Tennessee bank's sale a cautionary tale on out-of-market lending
Franklin Financial’s loan book looks a lot like a case of Jekyll and Hyde.
The $4.2 billion-asset company has a highly regarded commercial real estate business in middle Tennessee that caught the eye of FB Financial in Nashville, Tenn., which agreed on Tuesday to buy the company for $611 million.
Executives at the $6.1 billion-asset FB Financial were far less excited about Franklin’s corporate and health care books, which feature a large amount of out-of-market loans. The plan is to purge those loans — $430 million, including $137 million in shared national credits — as soon as possible even though doing so will cost FB Financial about $10 million in revenue.
“The corporate book is not aligned with our philosophy as it does not generally involve local customers or financial sponsors,” James Gordon, FB Financial’s chief financial officer, said during a Tuesday conference call to discuss the deal. “We will not be putting that onto our balance sheet.”
Franklin’s foray into shared national credits had begun to cause concern among some analysts. Criticized and classified loans at the company surged by more than 50% during the first nine months of 2019, and Franklin had to charge off a $9.7 million shared national credit to a health care company.
So Franklin’s pending sale to FB Financial, while generally well received, embodies for some a cautionary tale of the risks banks face when they stretch beyond their core markets to book more loans and boost profit.
“We do like this deal, but it is a reminder of how challenging it can be to go outside your comfort zone,” said Andrew Gibbs, an analyst at Mercer Capital in Nashville.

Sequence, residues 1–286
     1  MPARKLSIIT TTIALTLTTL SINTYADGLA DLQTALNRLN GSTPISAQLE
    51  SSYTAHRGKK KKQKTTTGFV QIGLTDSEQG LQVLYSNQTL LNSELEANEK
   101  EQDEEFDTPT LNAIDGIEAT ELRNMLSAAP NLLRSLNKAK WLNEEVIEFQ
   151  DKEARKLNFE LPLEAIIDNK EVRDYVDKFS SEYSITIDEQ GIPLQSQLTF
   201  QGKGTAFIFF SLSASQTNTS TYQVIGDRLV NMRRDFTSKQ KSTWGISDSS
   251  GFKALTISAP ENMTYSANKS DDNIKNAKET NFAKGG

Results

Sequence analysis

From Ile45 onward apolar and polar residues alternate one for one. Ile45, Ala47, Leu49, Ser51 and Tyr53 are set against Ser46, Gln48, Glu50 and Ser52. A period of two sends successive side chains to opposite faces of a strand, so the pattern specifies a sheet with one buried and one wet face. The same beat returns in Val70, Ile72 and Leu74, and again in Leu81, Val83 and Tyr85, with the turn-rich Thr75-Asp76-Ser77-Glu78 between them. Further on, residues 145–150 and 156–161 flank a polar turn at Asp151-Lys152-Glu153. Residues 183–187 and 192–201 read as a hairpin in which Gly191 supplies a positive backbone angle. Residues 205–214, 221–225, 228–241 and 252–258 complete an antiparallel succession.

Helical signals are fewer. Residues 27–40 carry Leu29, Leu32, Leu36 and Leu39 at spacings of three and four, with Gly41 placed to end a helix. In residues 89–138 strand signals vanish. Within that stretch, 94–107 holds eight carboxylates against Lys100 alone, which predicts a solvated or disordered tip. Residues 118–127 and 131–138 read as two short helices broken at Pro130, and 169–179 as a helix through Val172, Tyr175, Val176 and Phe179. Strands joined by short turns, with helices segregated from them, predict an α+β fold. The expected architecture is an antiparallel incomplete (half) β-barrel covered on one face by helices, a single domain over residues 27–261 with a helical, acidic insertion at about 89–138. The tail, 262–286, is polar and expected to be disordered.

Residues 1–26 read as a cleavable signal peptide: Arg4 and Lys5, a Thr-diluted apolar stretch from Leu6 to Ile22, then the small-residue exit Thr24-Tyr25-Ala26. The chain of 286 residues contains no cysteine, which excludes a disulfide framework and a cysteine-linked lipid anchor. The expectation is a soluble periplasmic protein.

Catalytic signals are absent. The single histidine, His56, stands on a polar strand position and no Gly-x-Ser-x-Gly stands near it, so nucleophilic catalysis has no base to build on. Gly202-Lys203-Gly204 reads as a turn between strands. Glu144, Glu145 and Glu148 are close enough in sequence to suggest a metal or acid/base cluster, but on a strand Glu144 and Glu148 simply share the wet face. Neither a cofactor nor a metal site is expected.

J. Myers Jones, formerly Franklin’s chief credit officer, succeeded Richard Herrington as CEO last March, shortly before the health care borrower went into default. Jones reduced the size of Franklin’s corporate and health care portfolios by 16%, shedding $84 million in loans during the second half of 2019.
Still, 9.1% of the loans left in those portfolios, or roughly $39 million, are criticized or classified.
Against that backdrop, some analysts began looking at Franklin as a likely seller.
"It was our top takeout idea for 2020,” said Tyler Stafford, an analyst at Stephens. He wrote in a recent note to clients that Jones's efforts to clean up its credit helped position the company to be sold.
Conversations between the Nashville-area companies began early in the fourth quarter and quickly “picked up steam,” Christopher Holmes, FB Financial’s president and CEO, said during Wednesday’s call.
The deal, expected to close in the third quarter, priced Franklin at 150% of its tangible book value. FB Financial plans to cut about 30% of Franklin’s annual noninterest expenses, including the closing of seven branches.
FB Financial executives touted opportunities in the growing and economically vibrant Nashville market, adding that the scale gained from the acquisition will make their company more efficient and competitive.
“We're thrilled with the strategic nature of this deal and we're also elated with the financial impact,” Holmes said. “At the core, Franklin … is an incredibly strong group of relationship managers that epitomize our definition of everything community bankers should be.”
Holmes said FB Financial plans to implement some of Franklin’s monitoring practices for residential construction loans. The seller’s chief credit officer will also have a senior role at FB Financial after the deal closes.
FB Financial also outlined changes it will make to the liability side of Franklin’s balance sheet. While Franklin has increased retail deposits by 11% since the end of 2018, they still make up just 53% of total deposits.
A portion of the proceeds from the loan sales will be used to pay down noncore funding such as wholesale funds and brokered CDs.
Those moves make sense for FB Financial over the long run, industry observers said.
“I think that’s the right strategy,” Gibbs said. “The risk reduction definitely outweighs what they give up in revenue.”